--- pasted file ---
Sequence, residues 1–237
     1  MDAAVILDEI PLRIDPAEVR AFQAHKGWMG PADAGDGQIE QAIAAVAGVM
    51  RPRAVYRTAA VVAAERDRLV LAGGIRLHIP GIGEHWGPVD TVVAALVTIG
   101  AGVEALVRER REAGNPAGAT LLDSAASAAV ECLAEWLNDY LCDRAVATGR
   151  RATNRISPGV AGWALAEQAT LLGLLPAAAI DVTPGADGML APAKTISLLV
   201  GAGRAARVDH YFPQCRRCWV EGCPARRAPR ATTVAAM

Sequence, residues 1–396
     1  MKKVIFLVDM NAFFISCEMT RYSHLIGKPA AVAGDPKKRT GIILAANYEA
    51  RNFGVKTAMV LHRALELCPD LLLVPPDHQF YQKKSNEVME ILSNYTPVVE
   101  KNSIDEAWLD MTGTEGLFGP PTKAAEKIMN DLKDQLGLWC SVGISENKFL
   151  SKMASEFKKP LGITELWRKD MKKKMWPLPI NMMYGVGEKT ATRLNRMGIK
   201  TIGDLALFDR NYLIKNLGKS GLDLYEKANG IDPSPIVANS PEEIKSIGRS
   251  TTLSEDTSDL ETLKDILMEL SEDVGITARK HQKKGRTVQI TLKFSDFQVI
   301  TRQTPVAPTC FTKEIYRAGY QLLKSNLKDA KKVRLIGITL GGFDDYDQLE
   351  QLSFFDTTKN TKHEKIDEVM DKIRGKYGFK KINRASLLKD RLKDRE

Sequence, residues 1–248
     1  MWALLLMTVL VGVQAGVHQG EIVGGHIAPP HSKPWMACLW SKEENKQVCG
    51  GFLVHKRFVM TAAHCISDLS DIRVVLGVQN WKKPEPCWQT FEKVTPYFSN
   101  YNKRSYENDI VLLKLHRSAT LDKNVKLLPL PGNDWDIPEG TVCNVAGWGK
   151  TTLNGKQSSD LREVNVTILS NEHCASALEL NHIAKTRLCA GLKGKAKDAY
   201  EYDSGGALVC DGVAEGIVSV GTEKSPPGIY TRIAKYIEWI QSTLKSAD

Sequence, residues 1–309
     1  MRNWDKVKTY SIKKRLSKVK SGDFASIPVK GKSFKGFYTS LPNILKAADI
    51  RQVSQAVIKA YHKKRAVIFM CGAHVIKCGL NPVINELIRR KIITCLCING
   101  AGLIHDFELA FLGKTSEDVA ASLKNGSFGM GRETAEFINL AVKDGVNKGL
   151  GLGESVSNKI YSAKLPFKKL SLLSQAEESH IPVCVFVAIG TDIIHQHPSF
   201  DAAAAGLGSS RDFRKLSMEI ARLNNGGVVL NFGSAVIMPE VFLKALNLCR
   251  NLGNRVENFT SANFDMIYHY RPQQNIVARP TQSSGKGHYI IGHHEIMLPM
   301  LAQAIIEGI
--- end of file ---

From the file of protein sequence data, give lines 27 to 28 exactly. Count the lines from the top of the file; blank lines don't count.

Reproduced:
   201  DAAAAGLGSS RDFRKLSMEI ARLNNGGVVL NFGSAVIMPE VFLKALNLCR
   251  NLGNRVENFT SANFDMIYHY RPQQNIVARP TQSSGKGHYI IGHHEIMLPM